The leptin receptor (ObR) exists in multiple isoforms. In humans, there is no mRNA encoding soluble receptor (LBP). We investigated the hypothesis that human LBP can be generated by proteolytic cleavage of membrane anchored leptin receptors (ObRb and ObRa). LBP, of similar size to that previously detected in human serum, was detected in medium of cells transfected with ObRa by HPLC, Immunofluorometric assay, and Ligand mediated immunofluorometric assay, but not by ELISA. The LBP in medium bound both leptin and an ObR specific antibody and the level of LBP correlated with receptor expression at the cell surface. There was increased accumulation of LBP, detected by LIFA and ELISA, after treatment with phorbol 12-myristate-13-acetate and N-ethylmaleimide (NEM), indicating that the production of LBP was up regulated by Protein Kinase C and sulfhydryl group activation. Dexamethasone in contrast had no effect on LBP levels. NEM also clearly induced a reduction in leptin binding by cell monolayers expressing membrane anchored ObR. The protease inhibitors, TAPI1 and Immunex Compound 2, could inhibit the production of LBP, indicating that the enzyme responsible for LBP cleavage belongs to the metalloprotease family.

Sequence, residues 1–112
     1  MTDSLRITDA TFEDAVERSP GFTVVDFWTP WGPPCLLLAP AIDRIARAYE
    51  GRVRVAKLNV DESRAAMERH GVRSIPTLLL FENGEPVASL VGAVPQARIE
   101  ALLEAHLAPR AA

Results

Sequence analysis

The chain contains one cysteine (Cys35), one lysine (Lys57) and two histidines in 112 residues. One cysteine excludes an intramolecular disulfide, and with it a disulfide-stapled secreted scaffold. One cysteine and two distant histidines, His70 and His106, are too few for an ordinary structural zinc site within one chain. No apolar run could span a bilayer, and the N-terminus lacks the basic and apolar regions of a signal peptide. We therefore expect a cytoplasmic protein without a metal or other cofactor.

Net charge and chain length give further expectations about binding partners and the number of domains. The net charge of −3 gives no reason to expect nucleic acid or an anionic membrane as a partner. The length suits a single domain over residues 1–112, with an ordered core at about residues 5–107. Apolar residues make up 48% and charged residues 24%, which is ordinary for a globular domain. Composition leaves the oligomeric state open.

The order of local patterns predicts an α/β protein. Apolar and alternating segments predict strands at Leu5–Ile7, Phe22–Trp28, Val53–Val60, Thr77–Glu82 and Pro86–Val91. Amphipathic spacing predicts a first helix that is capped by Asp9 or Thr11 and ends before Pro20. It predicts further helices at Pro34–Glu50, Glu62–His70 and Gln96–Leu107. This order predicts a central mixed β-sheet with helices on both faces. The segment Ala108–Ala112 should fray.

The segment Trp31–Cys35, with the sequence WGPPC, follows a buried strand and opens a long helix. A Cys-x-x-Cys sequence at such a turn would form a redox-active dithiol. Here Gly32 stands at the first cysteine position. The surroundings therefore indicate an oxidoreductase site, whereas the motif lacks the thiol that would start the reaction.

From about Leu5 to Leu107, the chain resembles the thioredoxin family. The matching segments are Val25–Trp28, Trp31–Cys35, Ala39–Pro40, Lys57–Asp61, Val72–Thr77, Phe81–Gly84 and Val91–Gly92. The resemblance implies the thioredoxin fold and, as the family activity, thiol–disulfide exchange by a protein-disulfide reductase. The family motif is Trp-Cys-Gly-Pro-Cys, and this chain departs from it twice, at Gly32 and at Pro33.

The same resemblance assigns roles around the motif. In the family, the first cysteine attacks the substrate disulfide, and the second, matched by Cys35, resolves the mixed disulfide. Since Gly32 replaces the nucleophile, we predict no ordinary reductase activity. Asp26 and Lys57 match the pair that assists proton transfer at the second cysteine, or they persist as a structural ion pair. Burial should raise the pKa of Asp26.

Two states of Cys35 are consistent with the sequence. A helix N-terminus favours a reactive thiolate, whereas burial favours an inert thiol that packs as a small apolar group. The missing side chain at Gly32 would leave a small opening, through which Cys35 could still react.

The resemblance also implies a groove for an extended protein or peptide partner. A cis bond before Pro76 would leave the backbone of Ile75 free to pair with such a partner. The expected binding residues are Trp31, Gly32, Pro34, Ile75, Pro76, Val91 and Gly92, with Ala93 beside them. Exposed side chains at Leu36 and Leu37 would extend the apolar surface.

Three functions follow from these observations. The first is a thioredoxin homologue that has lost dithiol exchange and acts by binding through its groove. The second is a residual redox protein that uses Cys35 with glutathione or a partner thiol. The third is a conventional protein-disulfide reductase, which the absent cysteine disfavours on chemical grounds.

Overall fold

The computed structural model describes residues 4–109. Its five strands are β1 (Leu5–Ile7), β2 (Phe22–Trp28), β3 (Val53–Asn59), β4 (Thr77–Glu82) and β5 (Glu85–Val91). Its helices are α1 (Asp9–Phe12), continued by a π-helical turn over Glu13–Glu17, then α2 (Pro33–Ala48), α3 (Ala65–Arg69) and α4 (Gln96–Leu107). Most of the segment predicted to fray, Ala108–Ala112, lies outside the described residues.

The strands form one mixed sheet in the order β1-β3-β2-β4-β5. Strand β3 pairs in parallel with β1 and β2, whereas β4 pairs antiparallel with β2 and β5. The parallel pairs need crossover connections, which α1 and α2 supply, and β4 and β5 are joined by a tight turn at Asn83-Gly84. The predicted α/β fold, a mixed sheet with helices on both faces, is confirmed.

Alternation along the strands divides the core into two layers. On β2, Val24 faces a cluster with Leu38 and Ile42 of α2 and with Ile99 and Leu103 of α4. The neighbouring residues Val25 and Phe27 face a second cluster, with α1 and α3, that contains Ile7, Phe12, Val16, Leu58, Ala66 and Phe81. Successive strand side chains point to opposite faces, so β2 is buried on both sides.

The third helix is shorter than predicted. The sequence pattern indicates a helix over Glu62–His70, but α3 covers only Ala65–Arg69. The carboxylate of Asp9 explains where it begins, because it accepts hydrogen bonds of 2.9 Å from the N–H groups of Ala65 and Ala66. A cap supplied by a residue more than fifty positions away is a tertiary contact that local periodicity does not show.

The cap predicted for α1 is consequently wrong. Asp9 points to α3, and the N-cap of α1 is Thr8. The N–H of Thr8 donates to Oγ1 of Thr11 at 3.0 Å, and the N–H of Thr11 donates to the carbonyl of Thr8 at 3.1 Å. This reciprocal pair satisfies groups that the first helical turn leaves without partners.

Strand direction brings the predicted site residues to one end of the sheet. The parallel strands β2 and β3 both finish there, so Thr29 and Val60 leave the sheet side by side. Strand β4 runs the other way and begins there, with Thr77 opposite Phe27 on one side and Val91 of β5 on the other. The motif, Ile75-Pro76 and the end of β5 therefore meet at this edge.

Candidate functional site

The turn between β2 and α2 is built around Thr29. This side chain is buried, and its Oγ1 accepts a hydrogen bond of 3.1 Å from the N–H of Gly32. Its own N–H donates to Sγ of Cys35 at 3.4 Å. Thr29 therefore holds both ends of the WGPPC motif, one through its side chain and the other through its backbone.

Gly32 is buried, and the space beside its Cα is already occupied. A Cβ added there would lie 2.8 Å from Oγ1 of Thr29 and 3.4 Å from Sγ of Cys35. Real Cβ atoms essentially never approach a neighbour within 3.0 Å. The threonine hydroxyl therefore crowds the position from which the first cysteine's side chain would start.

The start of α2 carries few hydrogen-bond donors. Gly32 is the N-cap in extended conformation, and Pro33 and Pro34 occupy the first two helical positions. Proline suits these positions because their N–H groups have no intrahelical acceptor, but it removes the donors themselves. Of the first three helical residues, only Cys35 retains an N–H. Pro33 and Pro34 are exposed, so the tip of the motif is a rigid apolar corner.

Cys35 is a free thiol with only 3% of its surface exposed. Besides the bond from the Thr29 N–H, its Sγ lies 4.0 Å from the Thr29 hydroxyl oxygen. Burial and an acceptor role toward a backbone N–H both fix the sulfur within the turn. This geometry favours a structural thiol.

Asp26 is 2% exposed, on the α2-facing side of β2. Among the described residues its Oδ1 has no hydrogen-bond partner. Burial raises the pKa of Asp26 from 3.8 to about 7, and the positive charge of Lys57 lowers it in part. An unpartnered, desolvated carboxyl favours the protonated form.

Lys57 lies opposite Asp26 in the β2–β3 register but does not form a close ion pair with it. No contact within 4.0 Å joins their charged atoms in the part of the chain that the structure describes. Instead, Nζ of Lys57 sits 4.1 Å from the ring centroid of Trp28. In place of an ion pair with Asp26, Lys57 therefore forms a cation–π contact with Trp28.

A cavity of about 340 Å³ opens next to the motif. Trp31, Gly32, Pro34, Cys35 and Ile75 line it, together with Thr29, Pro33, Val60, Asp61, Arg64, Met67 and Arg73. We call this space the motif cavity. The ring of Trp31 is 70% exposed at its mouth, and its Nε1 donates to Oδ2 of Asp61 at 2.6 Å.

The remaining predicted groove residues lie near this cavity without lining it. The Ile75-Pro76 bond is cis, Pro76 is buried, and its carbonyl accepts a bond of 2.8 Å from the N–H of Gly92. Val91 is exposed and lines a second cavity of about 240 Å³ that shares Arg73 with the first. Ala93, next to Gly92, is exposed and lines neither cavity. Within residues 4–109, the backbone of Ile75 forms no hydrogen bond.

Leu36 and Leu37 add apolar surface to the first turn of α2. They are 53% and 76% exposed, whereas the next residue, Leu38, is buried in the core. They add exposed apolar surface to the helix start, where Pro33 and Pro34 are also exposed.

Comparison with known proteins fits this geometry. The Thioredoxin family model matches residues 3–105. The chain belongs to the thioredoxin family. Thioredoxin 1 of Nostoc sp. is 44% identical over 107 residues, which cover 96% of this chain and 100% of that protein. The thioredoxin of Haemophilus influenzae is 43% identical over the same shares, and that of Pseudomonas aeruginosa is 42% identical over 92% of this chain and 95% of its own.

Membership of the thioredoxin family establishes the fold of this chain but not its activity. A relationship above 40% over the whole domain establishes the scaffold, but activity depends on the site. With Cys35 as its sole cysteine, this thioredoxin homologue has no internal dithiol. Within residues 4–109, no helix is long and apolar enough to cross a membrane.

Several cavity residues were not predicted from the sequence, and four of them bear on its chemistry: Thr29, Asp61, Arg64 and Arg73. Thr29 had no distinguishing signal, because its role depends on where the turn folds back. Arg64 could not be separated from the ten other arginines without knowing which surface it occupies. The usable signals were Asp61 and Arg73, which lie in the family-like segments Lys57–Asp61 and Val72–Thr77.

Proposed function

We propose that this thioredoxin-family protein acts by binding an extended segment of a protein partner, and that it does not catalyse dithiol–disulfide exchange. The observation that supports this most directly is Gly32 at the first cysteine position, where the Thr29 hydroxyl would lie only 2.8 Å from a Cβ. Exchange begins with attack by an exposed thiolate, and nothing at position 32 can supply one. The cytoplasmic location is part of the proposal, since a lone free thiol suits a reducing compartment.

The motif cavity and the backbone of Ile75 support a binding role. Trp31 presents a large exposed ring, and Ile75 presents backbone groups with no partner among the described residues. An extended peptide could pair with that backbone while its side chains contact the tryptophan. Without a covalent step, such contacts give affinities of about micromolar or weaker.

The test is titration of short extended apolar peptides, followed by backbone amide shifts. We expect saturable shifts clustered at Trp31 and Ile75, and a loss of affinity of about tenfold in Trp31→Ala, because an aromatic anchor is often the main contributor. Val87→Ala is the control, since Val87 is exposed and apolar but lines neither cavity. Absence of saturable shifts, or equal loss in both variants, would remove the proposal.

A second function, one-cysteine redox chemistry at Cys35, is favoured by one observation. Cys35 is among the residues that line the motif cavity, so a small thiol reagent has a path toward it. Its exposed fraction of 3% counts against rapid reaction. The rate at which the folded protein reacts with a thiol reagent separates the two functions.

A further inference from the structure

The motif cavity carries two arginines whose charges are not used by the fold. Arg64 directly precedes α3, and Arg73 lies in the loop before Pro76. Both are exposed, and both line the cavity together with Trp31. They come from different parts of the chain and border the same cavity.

Conclusion: human LBP is generated by proteolytic cleavage of membrane anchored leptin receptor by a metalloprotease. The levels of LBP are regulated by the availability of membrane anchored receptor, protein kinase C, and sulfhydryl group activation, but not by dexamethasone.
08 - 11 Apr 2002
British Endocrine Societies